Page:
Hot Tub Finance

Posted by Nick Clamp in Buying on 21st June 2021

Photo © Villeroy & Boch

Most new hot tub owners decide to buy their first home spa on finance to spread the cost out over a number of months. 

But which finance option is right for you? And how do you get the best deal when you’re buying a hot tub on finance?

Here’s everything you need to know about your hot tub finance options. 

How big of a deposit do you usually have to put down when you’re buying a hot tub on finance?

Most retailers require a deposit on a hot tub you’re buying on finance. 

This tends to either be a percentage of the total price – typically 10% – or a minimum order value, such as £500. 

As an extra incentive, many of the UK’s leading showrooms will accept deposits starting from as little as £100 and offer up to 48 interest-free monthly payments.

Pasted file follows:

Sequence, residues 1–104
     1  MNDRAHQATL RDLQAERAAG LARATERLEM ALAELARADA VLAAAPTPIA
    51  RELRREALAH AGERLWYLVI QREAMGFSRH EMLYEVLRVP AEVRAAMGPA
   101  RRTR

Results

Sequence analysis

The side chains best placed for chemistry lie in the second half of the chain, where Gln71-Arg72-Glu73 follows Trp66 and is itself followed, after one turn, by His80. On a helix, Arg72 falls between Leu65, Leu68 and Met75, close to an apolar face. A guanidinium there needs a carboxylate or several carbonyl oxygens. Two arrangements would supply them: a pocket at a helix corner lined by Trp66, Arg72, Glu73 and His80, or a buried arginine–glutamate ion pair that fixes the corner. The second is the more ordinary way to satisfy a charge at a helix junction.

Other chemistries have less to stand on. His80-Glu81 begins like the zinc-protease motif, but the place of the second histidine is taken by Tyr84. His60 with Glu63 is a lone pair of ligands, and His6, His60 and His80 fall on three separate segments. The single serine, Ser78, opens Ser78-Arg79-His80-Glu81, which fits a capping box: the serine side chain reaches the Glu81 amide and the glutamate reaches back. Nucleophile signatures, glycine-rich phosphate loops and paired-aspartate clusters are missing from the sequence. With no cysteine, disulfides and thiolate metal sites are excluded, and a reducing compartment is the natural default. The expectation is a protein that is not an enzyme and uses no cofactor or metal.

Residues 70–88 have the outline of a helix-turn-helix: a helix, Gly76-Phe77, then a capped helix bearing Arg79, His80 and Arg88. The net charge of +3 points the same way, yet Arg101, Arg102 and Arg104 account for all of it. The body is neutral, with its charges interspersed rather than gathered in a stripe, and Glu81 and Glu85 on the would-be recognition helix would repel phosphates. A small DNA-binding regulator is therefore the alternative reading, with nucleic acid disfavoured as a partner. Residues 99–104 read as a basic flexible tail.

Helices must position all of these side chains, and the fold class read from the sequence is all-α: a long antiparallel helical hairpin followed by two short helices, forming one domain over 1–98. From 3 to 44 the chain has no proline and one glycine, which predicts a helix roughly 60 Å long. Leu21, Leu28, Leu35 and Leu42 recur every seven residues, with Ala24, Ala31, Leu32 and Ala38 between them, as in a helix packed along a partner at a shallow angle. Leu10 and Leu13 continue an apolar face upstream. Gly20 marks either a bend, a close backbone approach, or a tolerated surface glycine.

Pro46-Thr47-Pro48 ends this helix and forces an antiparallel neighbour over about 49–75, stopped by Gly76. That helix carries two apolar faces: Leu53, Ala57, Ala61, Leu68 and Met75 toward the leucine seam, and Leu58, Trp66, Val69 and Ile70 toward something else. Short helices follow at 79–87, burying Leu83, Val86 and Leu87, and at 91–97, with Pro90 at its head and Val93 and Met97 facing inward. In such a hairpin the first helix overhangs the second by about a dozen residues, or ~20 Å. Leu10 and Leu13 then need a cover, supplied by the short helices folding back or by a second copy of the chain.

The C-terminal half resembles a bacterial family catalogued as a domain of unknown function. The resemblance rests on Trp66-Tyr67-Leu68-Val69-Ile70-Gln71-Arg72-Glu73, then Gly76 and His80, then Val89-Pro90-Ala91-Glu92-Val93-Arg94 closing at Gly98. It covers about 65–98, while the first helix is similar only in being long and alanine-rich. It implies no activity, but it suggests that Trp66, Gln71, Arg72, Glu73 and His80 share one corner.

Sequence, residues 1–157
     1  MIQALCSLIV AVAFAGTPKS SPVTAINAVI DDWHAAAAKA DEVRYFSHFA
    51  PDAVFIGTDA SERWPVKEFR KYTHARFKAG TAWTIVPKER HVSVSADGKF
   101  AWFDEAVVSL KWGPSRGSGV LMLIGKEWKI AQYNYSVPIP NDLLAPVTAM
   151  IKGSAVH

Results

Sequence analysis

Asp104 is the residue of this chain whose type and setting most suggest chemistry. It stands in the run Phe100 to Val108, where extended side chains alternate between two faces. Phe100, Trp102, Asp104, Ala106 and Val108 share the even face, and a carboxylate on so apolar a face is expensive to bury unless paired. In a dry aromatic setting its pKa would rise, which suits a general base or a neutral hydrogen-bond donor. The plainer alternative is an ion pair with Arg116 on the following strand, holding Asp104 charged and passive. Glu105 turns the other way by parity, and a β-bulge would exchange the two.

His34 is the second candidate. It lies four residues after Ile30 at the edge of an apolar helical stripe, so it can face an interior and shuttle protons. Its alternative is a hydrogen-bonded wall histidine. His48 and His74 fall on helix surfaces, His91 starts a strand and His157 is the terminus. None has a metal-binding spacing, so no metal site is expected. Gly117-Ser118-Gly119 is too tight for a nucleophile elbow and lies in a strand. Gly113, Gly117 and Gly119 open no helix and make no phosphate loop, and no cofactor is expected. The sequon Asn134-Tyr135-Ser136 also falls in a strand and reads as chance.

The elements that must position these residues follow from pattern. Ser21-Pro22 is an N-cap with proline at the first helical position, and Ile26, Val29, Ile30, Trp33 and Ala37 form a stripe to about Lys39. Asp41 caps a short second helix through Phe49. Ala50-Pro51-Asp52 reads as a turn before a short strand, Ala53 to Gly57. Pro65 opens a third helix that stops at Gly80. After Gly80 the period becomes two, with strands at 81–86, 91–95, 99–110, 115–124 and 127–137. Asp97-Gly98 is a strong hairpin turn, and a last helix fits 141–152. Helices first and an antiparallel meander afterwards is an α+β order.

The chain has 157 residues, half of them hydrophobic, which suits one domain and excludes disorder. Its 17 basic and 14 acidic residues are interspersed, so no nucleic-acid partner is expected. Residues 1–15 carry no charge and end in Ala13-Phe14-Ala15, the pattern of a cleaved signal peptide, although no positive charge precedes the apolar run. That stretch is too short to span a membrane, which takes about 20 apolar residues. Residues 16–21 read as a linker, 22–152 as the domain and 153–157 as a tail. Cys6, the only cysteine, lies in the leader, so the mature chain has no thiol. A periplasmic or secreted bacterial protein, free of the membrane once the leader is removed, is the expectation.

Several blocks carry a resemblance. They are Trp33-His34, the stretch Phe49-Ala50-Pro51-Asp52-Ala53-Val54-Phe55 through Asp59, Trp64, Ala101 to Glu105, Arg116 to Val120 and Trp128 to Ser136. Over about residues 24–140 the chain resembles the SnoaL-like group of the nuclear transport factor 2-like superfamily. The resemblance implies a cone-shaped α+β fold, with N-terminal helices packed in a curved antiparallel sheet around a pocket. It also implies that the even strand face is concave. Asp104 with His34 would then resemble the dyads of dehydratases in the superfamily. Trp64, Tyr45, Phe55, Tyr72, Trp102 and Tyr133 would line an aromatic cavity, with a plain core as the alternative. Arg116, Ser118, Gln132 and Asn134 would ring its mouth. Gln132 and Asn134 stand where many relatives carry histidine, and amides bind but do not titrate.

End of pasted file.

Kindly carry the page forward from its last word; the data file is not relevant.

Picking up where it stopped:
What hot tub finance options are there?

Most hot tub retailers offer three financing options:

1. Interest-free finance

Dealerships tend to offer interest-free payment terms over a 36 month payment period. 

You’ll generally have to put down a deposit or a minimum spend requirement to access interest-free finance. For example, if you had to pay 25% upfront to unlock interest-free finance on a £10,000 hot tub on a three-year term, you’d have to pay £2,500 on the day and then £208.33 for the following 36 months. 

2. Low-interest finance over a longer payment period

Showrooms also tend to offer low-interest finance for periods of up to ten years. 

You generally don’t need to put down a deposit to access this option, which will allow you to spread the cost of your home spa across multiple years.

You’ll pay more in total for your hot tub if you go for this option due to the interest you’ll pay. However, you’ll also be covered for faults during the entire length of the payment period.

3. Buy now and pay nothing for 12 months

You can also pay nothing for your hot tub for the first year.